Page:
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J Am Vet Med Assoc. 1985 Aug 1;187(3):249-53.

Cecal perforation in the horse.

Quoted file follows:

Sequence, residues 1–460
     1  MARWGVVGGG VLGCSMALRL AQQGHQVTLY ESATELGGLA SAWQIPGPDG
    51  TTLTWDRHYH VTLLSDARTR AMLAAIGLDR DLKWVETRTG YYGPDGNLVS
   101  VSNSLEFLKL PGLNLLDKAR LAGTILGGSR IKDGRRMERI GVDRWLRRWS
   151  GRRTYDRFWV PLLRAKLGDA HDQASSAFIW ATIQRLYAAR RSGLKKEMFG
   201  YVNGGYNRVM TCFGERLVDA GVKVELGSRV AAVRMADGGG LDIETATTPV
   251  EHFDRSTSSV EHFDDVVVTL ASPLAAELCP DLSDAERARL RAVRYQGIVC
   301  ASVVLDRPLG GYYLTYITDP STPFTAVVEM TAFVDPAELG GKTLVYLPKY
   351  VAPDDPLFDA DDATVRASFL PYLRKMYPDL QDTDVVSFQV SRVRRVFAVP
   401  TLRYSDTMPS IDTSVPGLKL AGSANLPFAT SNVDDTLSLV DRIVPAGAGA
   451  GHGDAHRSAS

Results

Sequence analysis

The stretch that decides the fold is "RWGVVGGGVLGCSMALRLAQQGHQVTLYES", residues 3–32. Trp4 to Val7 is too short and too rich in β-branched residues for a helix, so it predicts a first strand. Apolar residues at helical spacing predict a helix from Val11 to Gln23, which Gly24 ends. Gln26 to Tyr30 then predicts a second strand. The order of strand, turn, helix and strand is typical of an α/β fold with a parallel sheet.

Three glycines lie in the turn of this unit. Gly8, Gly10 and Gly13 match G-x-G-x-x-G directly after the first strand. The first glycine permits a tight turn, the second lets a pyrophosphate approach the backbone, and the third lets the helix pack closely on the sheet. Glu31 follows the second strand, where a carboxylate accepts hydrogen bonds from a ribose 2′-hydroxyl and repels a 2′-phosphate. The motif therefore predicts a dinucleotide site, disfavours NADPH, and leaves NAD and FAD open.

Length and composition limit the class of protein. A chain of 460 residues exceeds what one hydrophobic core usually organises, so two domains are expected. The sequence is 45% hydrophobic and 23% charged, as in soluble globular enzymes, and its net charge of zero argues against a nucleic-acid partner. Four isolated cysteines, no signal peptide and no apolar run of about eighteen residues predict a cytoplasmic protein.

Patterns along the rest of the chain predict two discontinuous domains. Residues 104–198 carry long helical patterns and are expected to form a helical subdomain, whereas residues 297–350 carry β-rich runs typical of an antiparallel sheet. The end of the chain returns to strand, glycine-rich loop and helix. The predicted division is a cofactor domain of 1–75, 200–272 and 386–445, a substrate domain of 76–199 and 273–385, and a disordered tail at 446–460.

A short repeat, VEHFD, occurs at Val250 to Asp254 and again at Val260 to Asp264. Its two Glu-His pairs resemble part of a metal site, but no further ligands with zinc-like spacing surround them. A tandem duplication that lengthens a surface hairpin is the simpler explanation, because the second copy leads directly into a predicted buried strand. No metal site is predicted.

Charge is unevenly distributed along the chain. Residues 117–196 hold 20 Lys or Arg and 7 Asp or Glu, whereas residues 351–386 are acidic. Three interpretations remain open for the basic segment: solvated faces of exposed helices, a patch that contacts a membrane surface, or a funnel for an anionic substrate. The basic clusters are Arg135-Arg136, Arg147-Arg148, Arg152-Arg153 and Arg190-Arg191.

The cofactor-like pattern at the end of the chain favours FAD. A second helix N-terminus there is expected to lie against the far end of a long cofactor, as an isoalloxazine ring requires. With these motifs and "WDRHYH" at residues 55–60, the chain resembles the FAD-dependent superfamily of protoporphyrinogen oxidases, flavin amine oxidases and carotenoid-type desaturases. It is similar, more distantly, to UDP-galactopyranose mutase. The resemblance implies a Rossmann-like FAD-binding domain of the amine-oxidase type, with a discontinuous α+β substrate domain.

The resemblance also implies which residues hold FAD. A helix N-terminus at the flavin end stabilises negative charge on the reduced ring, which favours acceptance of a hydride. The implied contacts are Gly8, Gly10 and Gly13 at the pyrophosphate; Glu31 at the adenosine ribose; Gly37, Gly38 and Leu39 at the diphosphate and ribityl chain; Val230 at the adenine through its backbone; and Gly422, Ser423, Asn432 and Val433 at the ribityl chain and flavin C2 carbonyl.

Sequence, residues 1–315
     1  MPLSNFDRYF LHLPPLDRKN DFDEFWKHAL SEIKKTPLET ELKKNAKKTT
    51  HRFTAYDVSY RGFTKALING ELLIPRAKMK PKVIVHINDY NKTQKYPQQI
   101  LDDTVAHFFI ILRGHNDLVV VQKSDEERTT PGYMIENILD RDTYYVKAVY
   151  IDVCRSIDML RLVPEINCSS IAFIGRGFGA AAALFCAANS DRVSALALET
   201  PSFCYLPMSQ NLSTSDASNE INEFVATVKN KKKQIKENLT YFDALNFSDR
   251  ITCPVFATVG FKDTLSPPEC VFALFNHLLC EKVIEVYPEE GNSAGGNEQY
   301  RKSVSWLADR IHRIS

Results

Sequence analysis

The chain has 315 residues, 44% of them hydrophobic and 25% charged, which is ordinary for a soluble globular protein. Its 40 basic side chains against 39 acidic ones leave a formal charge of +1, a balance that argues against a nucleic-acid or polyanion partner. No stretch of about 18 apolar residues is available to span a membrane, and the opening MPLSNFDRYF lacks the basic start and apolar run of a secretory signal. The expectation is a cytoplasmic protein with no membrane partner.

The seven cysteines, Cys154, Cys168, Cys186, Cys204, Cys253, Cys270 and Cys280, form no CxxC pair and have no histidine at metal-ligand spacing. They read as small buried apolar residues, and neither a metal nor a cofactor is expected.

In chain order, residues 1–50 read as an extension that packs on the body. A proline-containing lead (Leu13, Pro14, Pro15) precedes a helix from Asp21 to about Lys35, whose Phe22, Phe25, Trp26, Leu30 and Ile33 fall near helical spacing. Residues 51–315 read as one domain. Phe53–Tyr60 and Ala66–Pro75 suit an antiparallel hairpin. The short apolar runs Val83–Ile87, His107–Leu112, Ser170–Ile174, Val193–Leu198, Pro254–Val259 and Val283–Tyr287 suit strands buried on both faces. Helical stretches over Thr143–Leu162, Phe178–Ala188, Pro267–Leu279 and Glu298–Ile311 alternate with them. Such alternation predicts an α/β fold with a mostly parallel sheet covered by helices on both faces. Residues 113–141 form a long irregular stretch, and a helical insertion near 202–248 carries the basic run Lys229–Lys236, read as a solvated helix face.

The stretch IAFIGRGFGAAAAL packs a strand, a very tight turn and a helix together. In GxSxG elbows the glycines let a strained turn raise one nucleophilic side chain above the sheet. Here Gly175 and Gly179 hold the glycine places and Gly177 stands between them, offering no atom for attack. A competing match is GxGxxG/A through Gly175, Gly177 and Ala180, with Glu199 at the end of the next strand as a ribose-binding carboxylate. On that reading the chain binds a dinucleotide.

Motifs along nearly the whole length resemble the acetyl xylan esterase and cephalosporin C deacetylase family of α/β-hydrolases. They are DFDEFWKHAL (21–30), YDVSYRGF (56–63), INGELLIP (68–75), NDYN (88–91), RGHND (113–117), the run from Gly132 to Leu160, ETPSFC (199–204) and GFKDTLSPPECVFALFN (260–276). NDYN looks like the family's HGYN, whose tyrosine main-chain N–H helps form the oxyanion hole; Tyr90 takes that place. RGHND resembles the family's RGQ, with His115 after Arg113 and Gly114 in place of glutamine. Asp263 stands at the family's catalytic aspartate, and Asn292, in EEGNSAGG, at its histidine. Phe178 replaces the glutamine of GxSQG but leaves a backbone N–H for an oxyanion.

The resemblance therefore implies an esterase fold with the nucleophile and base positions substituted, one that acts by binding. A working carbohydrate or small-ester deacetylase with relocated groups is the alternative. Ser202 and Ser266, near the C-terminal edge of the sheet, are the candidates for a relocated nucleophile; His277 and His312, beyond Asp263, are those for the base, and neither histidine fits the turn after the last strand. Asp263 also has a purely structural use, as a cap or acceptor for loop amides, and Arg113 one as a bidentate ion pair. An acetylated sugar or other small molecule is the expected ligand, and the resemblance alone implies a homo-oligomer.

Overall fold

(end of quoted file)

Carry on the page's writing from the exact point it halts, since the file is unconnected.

The case records of 23 horses with cecal perforation (CP) were reviewed. The horses averaged 4.5 years of age (6 weeks to 13 years) and included 9 intact males, 12 mares, and 2 geldings. Twelve of the horses were Standardbreds, 9 were Thoroughbreds, and 1 each, a Belgian and Morgan. The horses were allotted to 2 groups: group I-13 hospitalized horses in which CP occurred unexpectedly, and group II-10 horses with CP at the time of admission. The horses characteristically had been sick or affected with disease unrelated to the cecum. Sixteen horses had been given nonsteroidal anti-inflammatory drugs before the onset of CP. Twelve of the 13 hospitalized patients (group I) had vague, scarcely recognizable clinical signs of gastrointestinal disease before CP. The clinical signs and clinical laboratory changes that appeared in affected horses were identifiable with severe endotoxin shock, secondary to peritoneal contamination with ingesta and bacteria. All horses died. At necropsy of the horses, the cecum was large and firm and was filled with ingesta, and the colon was empty; however, in 1 postpartum mare, the cecum and colon contained the usual amount of ingesta and were normal in size. In all horses, a single perforation was present, which appeared at various sites. The most common was a transverse perforation along the ventral aspect of the cecal body. Gross and microscopic examinations uncovered no existing disease near the perforation site or in other areas of the cecal wall or cecocolic orifice.(ABSTRACT TRUNCATED AT 250 WORDS)

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